Introduction to Solar Energy
The sun, the single, breathtaking body that has illuminated our sky since Earth’s birth. Yet we remain in the dark in solar technology, largely incapable of efficiently harnessing the sun’s energy. But now, a new revolution dawns on solar power technology. The use of non-renewable resources to power households in New Jersey has been deemed ecologically unsustainable due to its potential negative effects on the region, and the biosphere as a whole. Most methods for generating electricity involve the burning of fossil fuels that release greenhouse gases.
Thus, several propositions regarding alternative energy sources have surfaced. The most promising of these is solar energy. Given New Jersey’s regional location, the amount of year-round sunlight is optimal for generating a consistent amount of power. Solar energy involves the use of crystalline or amorphous silicon photovoltaic panels, more simply known as solar panels, in order to convert concentrated visible light from the sun into a usable electric current (Knier).
Solar panels are comprised of many, smaller units referred to as photovoltaic cells (Knier) . A solar panel functions by allowing photons, or particles of light, to knock electrons free from atoms, consequently generating a flow of electricity (Knier). As of now, solar panels are not entirely ideal as ecologically friendly, sustainable, and renewable energy sources due to their excessive cost and energy to space ratio (Solar Energy). However, although solar power presents several issues, the use of photovoltaic paint may solve many of these, while decreasing cost and providing a definitive, renewable energy source for New Jersey.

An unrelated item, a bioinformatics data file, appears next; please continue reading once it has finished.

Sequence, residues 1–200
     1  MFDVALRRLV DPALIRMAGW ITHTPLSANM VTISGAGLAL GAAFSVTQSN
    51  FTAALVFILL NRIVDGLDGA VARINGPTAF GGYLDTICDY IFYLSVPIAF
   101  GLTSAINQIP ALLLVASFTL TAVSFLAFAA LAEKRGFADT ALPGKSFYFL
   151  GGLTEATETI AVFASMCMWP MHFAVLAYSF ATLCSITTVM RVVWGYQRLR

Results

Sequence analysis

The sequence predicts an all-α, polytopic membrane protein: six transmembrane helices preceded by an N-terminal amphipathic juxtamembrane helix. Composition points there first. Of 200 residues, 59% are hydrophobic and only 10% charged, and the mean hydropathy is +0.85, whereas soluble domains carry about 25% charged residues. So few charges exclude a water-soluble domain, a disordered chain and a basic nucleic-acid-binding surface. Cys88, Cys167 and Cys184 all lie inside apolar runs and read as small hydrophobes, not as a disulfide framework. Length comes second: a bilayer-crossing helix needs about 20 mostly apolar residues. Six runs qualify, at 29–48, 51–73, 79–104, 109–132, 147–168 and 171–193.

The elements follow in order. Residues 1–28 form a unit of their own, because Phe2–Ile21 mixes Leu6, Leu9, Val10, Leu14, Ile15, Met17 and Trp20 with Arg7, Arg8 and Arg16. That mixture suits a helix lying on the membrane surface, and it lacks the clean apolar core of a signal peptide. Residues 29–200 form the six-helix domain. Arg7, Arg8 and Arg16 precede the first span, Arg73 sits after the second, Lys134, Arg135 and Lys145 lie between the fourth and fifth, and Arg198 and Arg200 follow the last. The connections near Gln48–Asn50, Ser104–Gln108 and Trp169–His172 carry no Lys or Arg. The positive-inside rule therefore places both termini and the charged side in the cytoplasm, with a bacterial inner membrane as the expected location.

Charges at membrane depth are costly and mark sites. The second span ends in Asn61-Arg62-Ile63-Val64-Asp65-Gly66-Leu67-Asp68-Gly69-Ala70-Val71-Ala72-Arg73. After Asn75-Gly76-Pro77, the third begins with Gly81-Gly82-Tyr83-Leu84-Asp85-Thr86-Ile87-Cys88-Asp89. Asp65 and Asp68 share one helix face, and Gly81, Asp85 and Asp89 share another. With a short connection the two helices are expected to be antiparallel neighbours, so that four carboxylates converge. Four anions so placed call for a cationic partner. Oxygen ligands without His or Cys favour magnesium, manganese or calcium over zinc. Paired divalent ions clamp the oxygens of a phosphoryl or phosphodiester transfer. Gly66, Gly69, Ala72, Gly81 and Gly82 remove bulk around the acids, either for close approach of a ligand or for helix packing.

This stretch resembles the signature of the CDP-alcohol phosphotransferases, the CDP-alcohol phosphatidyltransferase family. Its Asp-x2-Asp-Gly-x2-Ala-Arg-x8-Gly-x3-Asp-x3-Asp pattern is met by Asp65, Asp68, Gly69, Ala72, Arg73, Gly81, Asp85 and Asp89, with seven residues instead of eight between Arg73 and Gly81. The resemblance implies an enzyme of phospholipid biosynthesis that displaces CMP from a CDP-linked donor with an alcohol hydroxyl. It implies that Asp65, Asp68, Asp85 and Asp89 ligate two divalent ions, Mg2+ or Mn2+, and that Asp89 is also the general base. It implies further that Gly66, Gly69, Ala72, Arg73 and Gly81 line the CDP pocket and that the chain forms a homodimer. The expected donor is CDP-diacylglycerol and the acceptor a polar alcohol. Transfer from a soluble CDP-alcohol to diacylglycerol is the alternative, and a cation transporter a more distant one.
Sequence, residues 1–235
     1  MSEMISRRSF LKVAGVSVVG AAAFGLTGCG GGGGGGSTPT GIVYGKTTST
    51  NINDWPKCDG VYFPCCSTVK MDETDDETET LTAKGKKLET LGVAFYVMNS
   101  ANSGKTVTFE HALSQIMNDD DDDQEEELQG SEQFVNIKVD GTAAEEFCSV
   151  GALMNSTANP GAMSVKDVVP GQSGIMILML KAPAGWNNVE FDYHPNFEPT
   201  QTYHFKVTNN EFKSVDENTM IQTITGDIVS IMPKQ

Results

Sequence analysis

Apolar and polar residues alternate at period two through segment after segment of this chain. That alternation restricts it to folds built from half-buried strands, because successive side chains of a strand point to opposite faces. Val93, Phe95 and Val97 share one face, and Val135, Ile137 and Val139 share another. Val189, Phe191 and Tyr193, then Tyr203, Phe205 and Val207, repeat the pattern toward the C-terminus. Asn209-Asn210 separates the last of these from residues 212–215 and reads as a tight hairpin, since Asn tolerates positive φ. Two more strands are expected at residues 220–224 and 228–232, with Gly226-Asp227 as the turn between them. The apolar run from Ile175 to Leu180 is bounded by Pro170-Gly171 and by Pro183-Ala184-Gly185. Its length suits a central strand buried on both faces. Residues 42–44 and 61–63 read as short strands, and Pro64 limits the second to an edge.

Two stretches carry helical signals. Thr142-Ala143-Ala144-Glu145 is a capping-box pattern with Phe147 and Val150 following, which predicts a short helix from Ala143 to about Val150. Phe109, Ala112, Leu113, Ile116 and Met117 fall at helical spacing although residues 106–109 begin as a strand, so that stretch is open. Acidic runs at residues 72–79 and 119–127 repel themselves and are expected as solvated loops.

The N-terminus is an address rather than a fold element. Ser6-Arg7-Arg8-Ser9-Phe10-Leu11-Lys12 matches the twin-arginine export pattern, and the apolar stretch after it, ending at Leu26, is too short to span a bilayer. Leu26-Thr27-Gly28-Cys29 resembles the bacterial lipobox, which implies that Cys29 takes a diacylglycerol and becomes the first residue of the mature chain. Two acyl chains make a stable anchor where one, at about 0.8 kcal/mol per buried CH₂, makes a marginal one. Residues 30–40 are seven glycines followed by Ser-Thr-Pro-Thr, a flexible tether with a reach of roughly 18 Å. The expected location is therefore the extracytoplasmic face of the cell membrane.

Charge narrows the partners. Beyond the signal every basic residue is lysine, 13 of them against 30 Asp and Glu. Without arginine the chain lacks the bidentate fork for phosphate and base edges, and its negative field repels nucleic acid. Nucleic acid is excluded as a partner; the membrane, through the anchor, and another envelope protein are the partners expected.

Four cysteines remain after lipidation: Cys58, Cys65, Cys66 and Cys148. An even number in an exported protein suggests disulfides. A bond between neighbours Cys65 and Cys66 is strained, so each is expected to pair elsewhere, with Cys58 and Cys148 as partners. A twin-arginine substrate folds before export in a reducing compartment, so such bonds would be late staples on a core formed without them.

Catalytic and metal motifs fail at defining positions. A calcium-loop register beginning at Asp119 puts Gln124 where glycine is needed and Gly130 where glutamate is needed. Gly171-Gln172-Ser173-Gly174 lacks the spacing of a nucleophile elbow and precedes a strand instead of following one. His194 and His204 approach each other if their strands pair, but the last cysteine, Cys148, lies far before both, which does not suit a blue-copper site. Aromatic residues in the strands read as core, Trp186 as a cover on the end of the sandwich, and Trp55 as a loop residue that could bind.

Issues with Solar Energy
Though solar energy is renewable, it has a few drawbacks. Primarily, the amount of space required is difficult to secure (Solar Energy). Since solar panels are not able to efficiently use all the energy entering the photovoltaics, an immense amount of devices are required, taking up unnecessary space (Solar Energy). In addition, installing solar panels far from where the energy is needed also has drawbacks as this requires power lines to carry the energy (Solar Power Overview). Another significant problem is cost. Photovoltaic panels are often expensive and are not particularly efficient at capturing solar energy; most solar panels capture less than fifty percent of their potential (Solar Power Overview). With improvements to technology, a more compact area with fewer panels garnering the same amount of energy will be feasible. This would conserve space and yield a surplus of energy. Moreover, it would provide a quicker return on investments. However, a great deal of money would have to finance research, raising the cost of solar panels and making them remain an investment that requires more time to mature. Furthermore, ventures in solar panels can turn into a loss if a natural disaster or another force were to damage them. This renders photovoltaics an unsafe investment in many areas that are often subjected to inclement weather.
Potential Solution and Cost